Rebranded is not a fashion label. It is a fusion of art and design, inspired by the remix culture that captures the spirit of our age. It’s a celebration of the richness of Mexican culture mixed with a pinch of Mexican humour, reimagining global fashion icons through a distinctly Mexican lens. 


On a trip to the Mexican desert of San Luis Potosí many years ago, I came across a magical spectacle. Out of nowhere appeared a member of a Huichol community wearing a white suit and covered in the most colourful beaded necklaces, a knitted belt and bag, and straw hat. He was also wearing a pair of white Reebok trainers. He stopped in the middle of a field of desert-thorns and rocks, pulled out a wand with feathers and performed a ritual dance for the spring Equinox. There was no one else present, only us and him. I don’t know if he saw or heard us, as he was playing music through a huge Sony boombox. This was long before the advent of smartphones, so I was unable to record it, but it is something I have never forgotten. The juxtaposition of different cultures—the mystic art ceremony performed by the Huichol man, sharply contrasting with the white American sports sneakers and portable Japanese stereo.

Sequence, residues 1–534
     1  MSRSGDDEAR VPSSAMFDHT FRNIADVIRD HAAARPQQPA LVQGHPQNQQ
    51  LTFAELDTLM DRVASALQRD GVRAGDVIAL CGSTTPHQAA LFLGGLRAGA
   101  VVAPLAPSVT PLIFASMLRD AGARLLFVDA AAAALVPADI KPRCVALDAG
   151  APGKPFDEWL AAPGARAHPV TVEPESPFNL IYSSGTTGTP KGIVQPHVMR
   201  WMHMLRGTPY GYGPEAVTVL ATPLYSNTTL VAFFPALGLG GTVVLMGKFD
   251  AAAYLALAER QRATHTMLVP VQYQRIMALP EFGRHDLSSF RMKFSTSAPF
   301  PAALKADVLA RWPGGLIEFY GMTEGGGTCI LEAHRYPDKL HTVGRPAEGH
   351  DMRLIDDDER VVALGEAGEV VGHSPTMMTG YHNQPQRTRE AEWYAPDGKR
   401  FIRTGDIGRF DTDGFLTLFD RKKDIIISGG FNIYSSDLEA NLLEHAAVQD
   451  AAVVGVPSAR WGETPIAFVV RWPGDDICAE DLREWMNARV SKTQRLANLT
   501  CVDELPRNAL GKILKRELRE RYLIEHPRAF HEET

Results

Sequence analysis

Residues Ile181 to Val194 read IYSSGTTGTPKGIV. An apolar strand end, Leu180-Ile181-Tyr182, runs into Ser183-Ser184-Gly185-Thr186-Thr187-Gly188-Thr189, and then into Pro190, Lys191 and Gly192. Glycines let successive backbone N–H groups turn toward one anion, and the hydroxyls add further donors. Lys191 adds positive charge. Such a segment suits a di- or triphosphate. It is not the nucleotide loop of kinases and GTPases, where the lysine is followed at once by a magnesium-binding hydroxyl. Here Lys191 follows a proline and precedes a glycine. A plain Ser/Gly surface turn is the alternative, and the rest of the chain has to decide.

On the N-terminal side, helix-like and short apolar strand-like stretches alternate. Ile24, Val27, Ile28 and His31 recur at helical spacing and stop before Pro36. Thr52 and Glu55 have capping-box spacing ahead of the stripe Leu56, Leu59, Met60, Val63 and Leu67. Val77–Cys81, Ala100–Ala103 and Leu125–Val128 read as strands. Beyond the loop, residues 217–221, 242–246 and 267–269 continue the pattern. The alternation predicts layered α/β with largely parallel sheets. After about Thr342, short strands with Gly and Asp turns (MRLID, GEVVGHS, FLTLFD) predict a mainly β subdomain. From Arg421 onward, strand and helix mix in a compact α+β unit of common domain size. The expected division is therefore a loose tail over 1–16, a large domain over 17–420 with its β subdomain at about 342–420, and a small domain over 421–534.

Fast forward to today and I am still curious about how one culture adopts another. For instance, luxury brands and their campaigns, and how they are received or reinterpreted in different parts of the world. How one person’s perception of an image can be entirely different from someone else’s depending on where they were born; how foreign phrases can be adopted and adapted and become part of the local lexicon—is it possible to find shared meanings in cultural difference?

When I see the name of a brand I cannot help but to try and “tropicalise” it, find its Mexican name, something that phonetically sounds the same or very close. This is how I came up with the series “Entre modas y modismos”, by remixing the roughness of Mexican street slang with the sophistication of fashions most iconic names. 

One day I made a T-shirt that I ended up giving as a gift to a Mexican stylist friend who lives in LA. The Mexican designer Gladys Tamez used my garment in one of her campaigns, tagged me on Instagram, and the rest is history. 

Naomi Palovits

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